I build amps, guitars, fly drones, etc so soldering and building are my thing but that Surfy Bear appears to huge. I'll hit the page and do a total for everything in cost to get an idea on that aspect as well.

Last edited: Jul 18, 2016 16:05:15

This is where you find everything you need to know.

It is ment to be huge. It should be hauled in a van with the rest of your gear. I can assure you you'll never touch a stompbox reverb again, and you couldn't care less if is was twice as big. It's big brother, the fender tube reverb has the same effect. Some of us carry more than one of these monsters to every gig or rehearsal and they can all testify it's worth the trouble. By the way, I built my SurfyBear for less than 50 bucks.

PM me if you'd be interested in checking out a Surfy Bear and/or a Topanga first hand, I live near Nashville.

IMO both are great units but the SB seems more inspiring when it's in my chain.


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Last edited: Jul 20, 2016 00:00:40

The Surfy Bear is not huge at all - It's a complete Printed Circuit Board that fits well into a small stomp box. But the reverb pan is what makes a complete unit bigger - and which makes it sound like a real spring unit as opposed to digital simulations. The difference is noticeable, but main stream audience will probably not notice (then again, surf audience probably is not mainstream, but pretty guitar savvy). I think there are many surf bands who live with a digital spring reverb, but once you've been true spring, I doubt you'll ever go back digital.

What I'm saying: if you don't need a cable and gear enclosure for your gigs anyway (I love the tool box approach), build a stomp box with an external reverb pan just connected via cinch cable. I'm thinking of building a second unit where the reverb pan would be screwed to a board, and right at the end of it the stomp box, making a handy device only about 2“ longer than the pan alone... Or make that 4“ longer and add your SurfyTrem stomp box, for a basic floor effects board - Guess which shape such a “Surf(y) Board“ unit (to stick with bjoern's wording) just had to have... Don't know if bjoern and Lorenzo already have a design for the fully assembled series unit, but if you guys want to use this idea, consider this design as my contribution to Bjoern fantastic project that made spring reverb available for everyone Smile ).

Last edited: Jul 20, 2016 01:20:50

I have the Zoom MS-70CDR and have been very pleased with the unit. Incredible bang for the buck imo. The "63 Spring" gets really close and the other reverb settings sound great as well.

I also have a Boss FRV-1 and prefer the Zoom over it.

If ALL you're going for is the trad-Surf sound ala Dick Dale then buy a tank I say. I use a Texotica tank sometimes and it definitely delivers. That said, I typically play songs by other artists like Link Wray, LSJ, etc, and prefer to have the Zoom on hand for different reverbs and delays.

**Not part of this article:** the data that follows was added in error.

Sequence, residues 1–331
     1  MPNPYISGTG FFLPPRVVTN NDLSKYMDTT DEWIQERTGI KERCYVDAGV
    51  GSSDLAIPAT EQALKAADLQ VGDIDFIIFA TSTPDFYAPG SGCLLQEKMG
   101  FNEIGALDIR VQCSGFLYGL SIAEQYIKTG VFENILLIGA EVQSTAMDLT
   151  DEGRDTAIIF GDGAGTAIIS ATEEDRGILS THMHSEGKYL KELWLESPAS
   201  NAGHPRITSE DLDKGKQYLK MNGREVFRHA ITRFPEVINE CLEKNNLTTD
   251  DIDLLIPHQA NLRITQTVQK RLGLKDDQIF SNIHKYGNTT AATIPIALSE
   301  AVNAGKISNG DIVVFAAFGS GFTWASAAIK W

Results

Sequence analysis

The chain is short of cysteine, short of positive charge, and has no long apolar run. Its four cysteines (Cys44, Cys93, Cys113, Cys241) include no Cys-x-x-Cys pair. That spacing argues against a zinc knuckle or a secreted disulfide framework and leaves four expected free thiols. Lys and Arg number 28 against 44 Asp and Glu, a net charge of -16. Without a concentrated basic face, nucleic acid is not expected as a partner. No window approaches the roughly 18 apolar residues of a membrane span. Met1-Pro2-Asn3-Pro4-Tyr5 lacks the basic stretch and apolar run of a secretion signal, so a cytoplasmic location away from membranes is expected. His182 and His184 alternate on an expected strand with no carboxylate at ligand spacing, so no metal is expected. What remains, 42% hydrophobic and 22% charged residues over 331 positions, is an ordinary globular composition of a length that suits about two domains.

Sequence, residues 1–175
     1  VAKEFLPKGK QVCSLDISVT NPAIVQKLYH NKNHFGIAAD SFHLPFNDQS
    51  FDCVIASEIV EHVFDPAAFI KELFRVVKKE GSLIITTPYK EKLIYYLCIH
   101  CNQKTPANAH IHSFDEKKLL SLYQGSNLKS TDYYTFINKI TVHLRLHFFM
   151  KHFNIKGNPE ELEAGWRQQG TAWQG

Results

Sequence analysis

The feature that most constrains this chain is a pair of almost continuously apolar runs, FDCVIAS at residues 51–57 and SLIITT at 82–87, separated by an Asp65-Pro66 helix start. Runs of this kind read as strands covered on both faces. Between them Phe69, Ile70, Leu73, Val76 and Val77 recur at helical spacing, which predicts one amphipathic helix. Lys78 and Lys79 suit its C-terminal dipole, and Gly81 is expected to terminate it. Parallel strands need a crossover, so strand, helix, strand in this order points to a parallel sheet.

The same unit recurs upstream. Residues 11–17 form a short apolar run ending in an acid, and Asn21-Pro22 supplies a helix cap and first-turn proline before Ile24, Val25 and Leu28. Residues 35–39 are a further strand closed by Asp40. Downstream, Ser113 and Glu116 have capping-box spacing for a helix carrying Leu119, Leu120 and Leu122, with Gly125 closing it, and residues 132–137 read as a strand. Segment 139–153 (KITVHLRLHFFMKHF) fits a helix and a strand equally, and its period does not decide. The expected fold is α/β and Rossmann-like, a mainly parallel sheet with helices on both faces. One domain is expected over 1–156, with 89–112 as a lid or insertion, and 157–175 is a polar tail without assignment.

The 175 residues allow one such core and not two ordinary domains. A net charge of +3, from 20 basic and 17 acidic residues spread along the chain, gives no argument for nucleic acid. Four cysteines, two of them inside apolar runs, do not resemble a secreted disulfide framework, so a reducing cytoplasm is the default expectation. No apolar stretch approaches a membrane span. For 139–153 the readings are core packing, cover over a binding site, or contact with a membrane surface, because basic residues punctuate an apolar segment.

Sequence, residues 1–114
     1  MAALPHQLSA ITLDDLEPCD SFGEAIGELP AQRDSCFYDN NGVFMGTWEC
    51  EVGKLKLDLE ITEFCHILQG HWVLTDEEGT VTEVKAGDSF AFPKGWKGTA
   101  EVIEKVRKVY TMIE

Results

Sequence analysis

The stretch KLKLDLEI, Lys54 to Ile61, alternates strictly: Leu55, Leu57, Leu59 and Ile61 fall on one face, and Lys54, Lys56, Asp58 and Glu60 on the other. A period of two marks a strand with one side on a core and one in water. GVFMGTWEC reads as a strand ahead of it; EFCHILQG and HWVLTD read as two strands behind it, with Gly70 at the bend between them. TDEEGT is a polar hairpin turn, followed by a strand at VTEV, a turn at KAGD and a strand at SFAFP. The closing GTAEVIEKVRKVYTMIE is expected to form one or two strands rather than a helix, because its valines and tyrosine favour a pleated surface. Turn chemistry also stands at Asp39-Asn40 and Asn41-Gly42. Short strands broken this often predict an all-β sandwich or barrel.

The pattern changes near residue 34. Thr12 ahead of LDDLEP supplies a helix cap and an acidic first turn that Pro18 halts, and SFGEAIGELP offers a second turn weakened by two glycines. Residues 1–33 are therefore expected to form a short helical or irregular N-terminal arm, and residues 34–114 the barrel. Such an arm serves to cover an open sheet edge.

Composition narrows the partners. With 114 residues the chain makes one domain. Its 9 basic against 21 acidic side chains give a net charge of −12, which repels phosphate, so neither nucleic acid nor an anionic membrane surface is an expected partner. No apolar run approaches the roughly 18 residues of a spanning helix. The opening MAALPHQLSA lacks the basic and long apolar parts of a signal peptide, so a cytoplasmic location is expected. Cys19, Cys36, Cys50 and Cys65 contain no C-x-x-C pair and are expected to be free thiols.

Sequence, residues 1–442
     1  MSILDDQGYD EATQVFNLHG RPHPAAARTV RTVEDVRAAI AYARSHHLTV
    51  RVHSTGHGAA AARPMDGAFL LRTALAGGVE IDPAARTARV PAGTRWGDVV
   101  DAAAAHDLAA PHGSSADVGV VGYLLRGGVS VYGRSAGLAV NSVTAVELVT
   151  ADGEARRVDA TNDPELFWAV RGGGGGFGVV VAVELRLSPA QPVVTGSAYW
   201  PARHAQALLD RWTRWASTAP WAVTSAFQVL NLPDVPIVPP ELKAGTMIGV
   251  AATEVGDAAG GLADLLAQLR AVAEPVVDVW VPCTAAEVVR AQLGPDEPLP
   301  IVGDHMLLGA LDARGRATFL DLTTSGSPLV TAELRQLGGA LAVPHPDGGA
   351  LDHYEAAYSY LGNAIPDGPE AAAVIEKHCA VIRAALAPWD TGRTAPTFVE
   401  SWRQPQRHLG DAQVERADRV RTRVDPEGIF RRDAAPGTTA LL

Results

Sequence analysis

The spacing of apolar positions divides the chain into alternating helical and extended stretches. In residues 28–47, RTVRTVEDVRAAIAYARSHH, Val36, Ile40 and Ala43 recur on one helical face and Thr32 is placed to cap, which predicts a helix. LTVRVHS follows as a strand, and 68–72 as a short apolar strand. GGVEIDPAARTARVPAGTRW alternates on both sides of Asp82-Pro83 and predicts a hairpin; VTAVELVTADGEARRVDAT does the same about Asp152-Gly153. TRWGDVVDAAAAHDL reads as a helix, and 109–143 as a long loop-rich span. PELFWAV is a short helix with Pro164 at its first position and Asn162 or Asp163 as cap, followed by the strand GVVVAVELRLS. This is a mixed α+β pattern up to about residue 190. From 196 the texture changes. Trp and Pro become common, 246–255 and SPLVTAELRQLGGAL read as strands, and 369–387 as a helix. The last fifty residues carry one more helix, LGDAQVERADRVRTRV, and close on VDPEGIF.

METEOR IV on reverbnation

Last edited: Jul 20, 2016 06:07:39

My 2 cents is the Surfy bear. it is Fun to build and great to play through. I like it so much that I am considering getting a second one as a backup, just in case. ( also to try a different pan for sonic experimentation....)


I am not obsolete, I am RETRO.... Cool

We've used and still use the Zoom MS-50, Boss FRV-1 a 90's reissue Fender Tank, a '63 Fender Tank and now the Surfy Bear as well.
The Surfy Bear is undoubtably and logically the closest to the tank, pretty dead on actually but we've played many shows with the Zoom pedals and FRV-1 and nobody noticed.
One thing I really like about the Zoom reverb is that the guitar retains it's punch and clarity. You can have a pretty deep reverb setting on it and the original guitar tone doesn't get buried.
I'm probably one of the few who doesn't get caught up in purity and also will sacrifice some interaction or old school sound for portability and or flexibility.


Thanks for all the great info and input! The search for "my" perfect reverb pedal seems to be a bottomless pit of fun and research! I don't doubt the Surfy Bear is right there at the top but I don't play out and I'm sure it would only live in my guitar room. But I have not ruled it out. Good stuff y'all!

Here are some of my tracks using my Zoom gear:
Misirlou de Hell -

Surf Core -

Apache -

Last edited: Jul 20, 2016 11:14:26

Just buy a used Fender RI tank and swap out the tubes for NOS. Simple and not too expesive. If a used Gomez G-Spring pops up, even better.

DrBillyHell wrote:

I have to admit that my MS100-BT Zoom pedal has been handling most of my affects for the last few years.

Hi. You didn't mention if you had the "63 Spring" emulation installed on your MS100BT, That would be the cheapest option to get you up and running.

I do. I use that and HD.

I couldn't google reverb pedals anymore and went to my local guitar store and bout a Wampler Faux Reverb. Very springy without sounding digital. It may not splat but it sure sweetens up everything and makes my 12 inch sound huge. It can surf and when double up with a second reverb it's more surfy. Not a tank, not a Bear but pretty damn sweet. I appreciate all the comments. This is running through a Quilter 101 - WOW!!

Last edited: Jul 23, 2016 14:47:19